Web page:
Blackletter also known as Old English or Gothic was used in some of the first books in Europe in the 1900s. This form of type was originally created with calligraphy using a flat brush or nib to create various thick shapes and thin decorative lines that made up a letter.

Typically black lettering can be hard to read when only capitals are used, so I want to teach you how to draw both lowercase and uppercase letters to ensure that your hand-lettered pieces remain legible.

To get your familiar with this lettering style, I'm going to walk you through step by step how to create three lowercase and three uppercase letters in Blackletter.

All of the graphics and tips from this article are originally from my lettering practice book series on Patreon where I teach one new style of lettering every month. If you would like to purchase this past issue you can get the digital version on Gumroad.


Unlike many lettering styles, Blackletter is unique in the way each letter is formed. Instead of creating a skeleton and then adding weight like you do with most styles, you need to build up each letter shape by shape. To do this properly, you need to set up guides to keep letters stay aligned and even.

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Typically you have a cap height that refers to the top of your capital letters, a baseline that goes along the bottom of your letters, and an x-height that measures the top of your lowercase letters. For this style, since it's condensed the x -height is pretty high and should be placed 1/3 between the baseline and cap height.

Since we are working with lowercase letters, you also want to include a descender line that goes below the baseline. This indicates where the tails of letters like j, g, and p should end. You can also use the descender line to mark decorative swashes and curls that come off capital letters.


When working with lowercase letters, you want to draw the easiest and largest shape of the letter first. This will help you place your shapes in the right place, so it doesn't look titled or jumbled once everything comes together.

I personally like to add additional guides that mark where my serifs and chiseled strokes go in my letters. Since this style has so many shapes, the more guides you include, the easier it will be to keep your letters looking consistent.


Take this lowercase "f" for example. Notice that I drew the main stem first rather than the top serif. Also see how I use my grid to help place in each of my shapes, step by step.


For the letter "g" check out the placement of the tail and how it aligns with the descender line. It's because of this guide both the top and bottom serifs appear to be the same shape and size.


For the letter "s" I drew the top shape first since the curved line in the serif is key to aligning the spine. See how the spine is placed snug inside the bottom corner of the top serif. Connections like this are what gives Blackletter that unique chiseled look.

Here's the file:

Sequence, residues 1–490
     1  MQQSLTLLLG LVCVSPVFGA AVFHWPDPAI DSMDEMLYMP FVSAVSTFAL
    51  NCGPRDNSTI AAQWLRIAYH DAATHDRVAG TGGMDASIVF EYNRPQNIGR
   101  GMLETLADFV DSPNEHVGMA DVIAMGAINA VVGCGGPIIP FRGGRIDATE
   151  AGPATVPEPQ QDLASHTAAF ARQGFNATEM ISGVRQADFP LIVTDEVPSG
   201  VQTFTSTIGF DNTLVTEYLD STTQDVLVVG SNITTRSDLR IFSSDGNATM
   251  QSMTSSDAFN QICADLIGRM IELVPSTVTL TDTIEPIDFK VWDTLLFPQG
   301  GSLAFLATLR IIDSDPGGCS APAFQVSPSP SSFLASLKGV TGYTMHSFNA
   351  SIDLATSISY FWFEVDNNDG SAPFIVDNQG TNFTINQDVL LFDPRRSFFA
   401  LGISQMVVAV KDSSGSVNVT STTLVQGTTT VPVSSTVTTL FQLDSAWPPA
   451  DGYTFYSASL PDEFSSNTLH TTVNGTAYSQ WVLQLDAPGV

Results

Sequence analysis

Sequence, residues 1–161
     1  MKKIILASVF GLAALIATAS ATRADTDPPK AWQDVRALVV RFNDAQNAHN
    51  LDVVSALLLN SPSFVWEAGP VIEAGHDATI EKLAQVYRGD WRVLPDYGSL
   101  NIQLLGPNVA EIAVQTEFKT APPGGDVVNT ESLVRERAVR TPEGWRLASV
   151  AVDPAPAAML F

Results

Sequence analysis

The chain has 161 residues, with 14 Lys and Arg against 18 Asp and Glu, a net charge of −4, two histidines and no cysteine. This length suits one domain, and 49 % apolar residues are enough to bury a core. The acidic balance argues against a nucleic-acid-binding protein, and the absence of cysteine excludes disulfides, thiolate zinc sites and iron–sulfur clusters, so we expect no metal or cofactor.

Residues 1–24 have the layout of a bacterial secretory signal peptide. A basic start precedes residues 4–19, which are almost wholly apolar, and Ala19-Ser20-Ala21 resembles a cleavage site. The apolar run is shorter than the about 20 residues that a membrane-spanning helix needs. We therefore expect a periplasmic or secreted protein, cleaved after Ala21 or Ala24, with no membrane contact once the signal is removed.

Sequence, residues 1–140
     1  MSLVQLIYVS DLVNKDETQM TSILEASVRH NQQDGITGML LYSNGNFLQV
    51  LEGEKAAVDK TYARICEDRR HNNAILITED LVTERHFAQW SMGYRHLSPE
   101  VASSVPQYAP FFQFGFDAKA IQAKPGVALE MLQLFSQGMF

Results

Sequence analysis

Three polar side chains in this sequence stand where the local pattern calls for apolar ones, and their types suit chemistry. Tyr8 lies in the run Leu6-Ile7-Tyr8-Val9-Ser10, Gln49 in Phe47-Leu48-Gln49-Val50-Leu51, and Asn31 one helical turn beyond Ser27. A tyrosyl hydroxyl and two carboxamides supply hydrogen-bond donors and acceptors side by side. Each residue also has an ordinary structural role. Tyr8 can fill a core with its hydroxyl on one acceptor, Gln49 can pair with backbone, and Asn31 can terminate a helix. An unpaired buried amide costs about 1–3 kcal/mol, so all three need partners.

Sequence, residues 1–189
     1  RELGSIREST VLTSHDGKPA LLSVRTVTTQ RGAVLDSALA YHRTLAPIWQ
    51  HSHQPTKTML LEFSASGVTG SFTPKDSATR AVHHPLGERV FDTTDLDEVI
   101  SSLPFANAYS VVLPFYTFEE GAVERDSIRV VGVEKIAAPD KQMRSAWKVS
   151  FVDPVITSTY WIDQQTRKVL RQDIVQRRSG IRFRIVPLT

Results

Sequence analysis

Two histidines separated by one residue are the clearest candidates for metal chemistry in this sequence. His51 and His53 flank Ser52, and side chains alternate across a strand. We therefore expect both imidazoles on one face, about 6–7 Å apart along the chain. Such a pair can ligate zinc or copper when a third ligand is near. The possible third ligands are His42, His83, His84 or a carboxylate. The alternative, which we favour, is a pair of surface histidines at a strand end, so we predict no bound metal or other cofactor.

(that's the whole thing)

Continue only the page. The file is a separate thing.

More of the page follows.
Now that you have some experience with lowercase let's move on to the challenge of uppercase letters. Capital letters in this style can vary quite a bit depending on the level of detail you're looking for.

So the more lines, swirls, and curls you add the harder it will be for people to read the letter. So if your lettering is meant to be small, then use fewer shapes to keep it simple. But if it's meant to be the primary focus of your piece, such as for a monogram or drop cap, then you have more room to add details for a more stylish look.

Some uppercase letters in this Blackletter style can often be confused with another letter and therefore be harder to read in a sentence. So with letters like "E" that can easily be mistaken for an "C" or "O", I go against the traditional style to make the letter more recognizable while keeping the same look. Just look at the difference between the first two E's and the last sample. Way easier to read right?
Since I made this "E" from scratch, I decided to start with the bottom shape first to anchor the design. Then I created a straight line that turns into a serif that goes in the center of my first shape. From there I went on to add a left swirl to add a sense of elegance to the letter.
Since this "R" can be complicated to draw, I started from the top aligning the hook and the top bowl of my letter to my guides. Then I drew in the leg making sure that it creates a point along my serif guide to better match the rest of my letters.

As a finishing touch, I decided to add a large hook along the vertical center of my left stem. This style can be on its own, or you can add embellishments like spurs and hooks to give it more of a hard look.


Drawing an "O" or "Q" in this style can be difficult since this typeface doesn't have many rounded shapes. To create your basic "O" shape you want to make sure that both sides have the same width and that they taper and get thinner along the bottom.

From there you can add additional lines and shapes to help fill the counter (negative space inside the "O"). The only real difference between an "O" and a "Q" is the tail that extends past the bowl.


For the letter "M" it can be confusing at first on how to build it, but if you see a repeating shape then that would be the right place to start. For example, the M and 2 repeating shapes, the 2 stems and the 2 serifs. Since the stems get cut off along the top we would use the top serifs as a starting point since they can be drawn own their own. From there you easily connect each shape making sure to keep an even amount of negative space between each.